Swaraj discusses TAPI pipeline with Turkmenistan presidentAshgabat: External Affairs Minister Sushma Swaraj today called on Turkmenistan President Gurbanguly Berdymuhamedov here and discussed key bilateral and regional issues, including defence cooperation and progress on the ambitious USD 10 billion TAPI gas pipeline
Ashgabat: External Affairs Minister Sushma Swaraj today called on Turkmenistan President Gurbanguly Berdymuhamedov here and discussed key bilateral and regional issues, including defence cooperation and progress on the ambitious USD 10 billion TAPI gas pipeline project.
Swaraj, who arrived here yesterday for a three-day trip to co-chair the fifth India-Turkmenistan Inter-Governmental Joint Commission on Trade, Economic, Scientific and Technological Cooperation with her Turkmen counterpart Rashid Meredov, called on Berdymuhamedov at the presidential palace here.
“I had a very productive meeting with the honourable president. We talked about bilateral relations all pervasive and all important issues. We talked about defence cooperation and the fertiliser plant,” Swaraj told reporters after the over 50 minute-long meeting.
Swaraj also spoke about Prime Minister Narendra Modi's likely visit to Turkmenistan slated for July 11.
“We are looking forward to our Prime Minister's visit to Turkmenistan which has been proposed for July 11,” she said and expressed hope that several projects the two sides have discussed in the past would take shape during Modi's visit to the Central Asian nation.
Modi is expected to visit other countries in the region as well around that time for which details are being worked out, sources said.
Plans are afoot to set up a fertiliser plant here jointly among other projects, they said. An Indian delegation is currently Turkmenistan to explore possibilities of setting up the plant.
“We talked about cultural relations and both of us were saying that Turkmenistan and India share cultural and historical linkages. I think with this meeting the relationship will be deeper and stronger,” Swaraj said.
“The President also apprised us about the progress in the TAPI project and I told his excellency that this has been possible only because of his personal intervention,” she said.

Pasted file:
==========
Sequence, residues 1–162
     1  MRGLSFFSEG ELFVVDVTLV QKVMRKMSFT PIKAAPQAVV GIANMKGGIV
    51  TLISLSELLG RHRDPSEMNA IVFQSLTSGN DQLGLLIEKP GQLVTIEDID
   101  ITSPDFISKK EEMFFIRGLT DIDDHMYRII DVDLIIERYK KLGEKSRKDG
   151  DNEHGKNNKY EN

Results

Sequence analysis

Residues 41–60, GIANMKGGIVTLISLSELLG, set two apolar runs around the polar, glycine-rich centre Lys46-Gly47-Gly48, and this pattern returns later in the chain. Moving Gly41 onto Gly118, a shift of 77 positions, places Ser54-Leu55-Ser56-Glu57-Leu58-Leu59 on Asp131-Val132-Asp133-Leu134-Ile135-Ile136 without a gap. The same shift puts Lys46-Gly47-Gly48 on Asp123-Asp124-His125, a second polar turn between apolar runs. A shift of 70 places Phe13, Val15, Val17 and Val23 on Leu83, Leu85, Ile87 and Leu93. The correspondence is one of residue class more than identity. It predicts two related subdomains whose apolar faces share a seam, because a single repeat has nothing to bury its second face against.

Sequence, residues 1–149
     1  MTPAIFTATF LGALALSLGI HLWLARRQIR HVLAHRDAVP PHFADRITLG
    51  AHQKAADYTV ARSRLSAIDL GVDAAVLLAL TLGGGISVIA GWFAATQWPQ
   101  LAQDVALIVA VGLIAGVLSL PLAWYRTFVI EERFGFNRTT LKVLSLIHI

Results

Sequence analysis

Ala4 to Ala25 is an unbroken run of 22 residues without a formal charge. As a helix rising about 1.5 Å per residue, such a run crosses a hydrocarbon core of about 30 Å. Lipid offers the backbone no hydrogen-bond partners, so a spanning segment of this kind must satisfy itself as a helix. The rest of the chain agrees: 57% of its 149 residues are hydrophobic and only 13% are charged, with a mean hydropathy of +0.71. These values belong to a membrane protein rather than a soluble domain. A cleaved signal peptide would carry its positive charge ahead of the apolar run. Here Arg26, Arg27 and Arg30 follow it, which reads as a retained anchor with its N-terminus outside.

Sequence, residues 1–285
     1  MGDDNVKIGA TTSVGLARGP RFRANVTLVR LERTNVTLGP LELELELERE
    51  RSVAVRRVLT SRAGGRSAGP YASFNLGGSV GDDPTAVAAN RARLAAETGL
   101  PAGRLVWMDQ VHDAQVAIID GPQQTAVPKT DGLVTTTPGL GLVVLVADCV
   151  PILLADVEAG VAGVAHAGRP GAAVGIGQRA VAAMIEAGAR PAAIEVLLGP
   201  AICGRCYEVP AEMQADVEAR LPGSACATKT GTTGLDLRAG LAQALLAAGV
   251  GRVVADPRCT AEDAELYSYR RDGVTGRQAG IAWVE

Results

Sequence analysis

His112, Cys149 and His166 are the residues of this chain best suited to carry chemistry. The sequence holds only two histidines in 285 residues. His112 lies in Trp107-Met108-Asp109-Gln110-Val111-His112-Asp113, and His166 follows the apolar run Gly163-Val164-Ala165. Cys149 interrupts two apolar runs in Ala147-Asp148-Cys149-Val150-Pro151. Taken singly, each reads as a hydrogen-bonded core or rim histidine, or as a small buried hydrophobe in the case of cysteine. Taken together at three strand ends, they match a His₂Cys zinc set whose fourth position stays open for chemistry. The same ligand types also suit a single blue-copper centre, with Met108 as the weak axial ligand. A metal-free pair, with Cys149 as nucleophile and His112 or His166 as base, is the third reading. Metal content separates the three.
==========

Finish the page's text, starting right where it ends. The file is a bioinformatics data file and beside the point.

The Turkmenistan-Afghanistan-Pakistan-India (TAPI) gas project is a 1,680-km pipeline with design capacity to supply 3.2 billion cubic feet of natural gas per annum from Turkmenistan to Afghanistan, Pakistan and India.
TAPI will carry gas from Turkmenistan's Galkynysh field that holds gas reserves of 16 trillion cubic feet. From the field, the pipeline will run to Herat and Kandahar province of Afghanistan, before entering Pakistan. In Pakistan, it will reach Multan via Quetta before ending at Fazilka in Punjab in India.
The TAPI pipeline will have capacity to carry 90 million standard cubic metres a day (mmscmd) gas for a 30-year period and is expected to be operational by 2018. India and Pakistan would get 38 mmscmd each, while the remaining 14 mmscmd will be supplied to Afghanistan.
TAPI project has remained on the drawing board since the four nations have not been able to get an international firm to head a consortium, which will lay and operate the pipeline.
At the 20th Steering Committee meeting of TAPI project in Pakistan in February, India had pressed Turkmenistan to relax its domestic law to help get an international firm for building the project.
In the last joint commission meeting in January 2013, India and Turkmenistan had agreed to take necessary steps for early realisation of the TAPI project and increase trade.
Turkmenistan possesses the world's fourth-largest reserves of natural gas and substantial oil resources. The Galkynysh gas field has the second-largest volume of gas in the world, after the South Pars field in the Persian Gulf.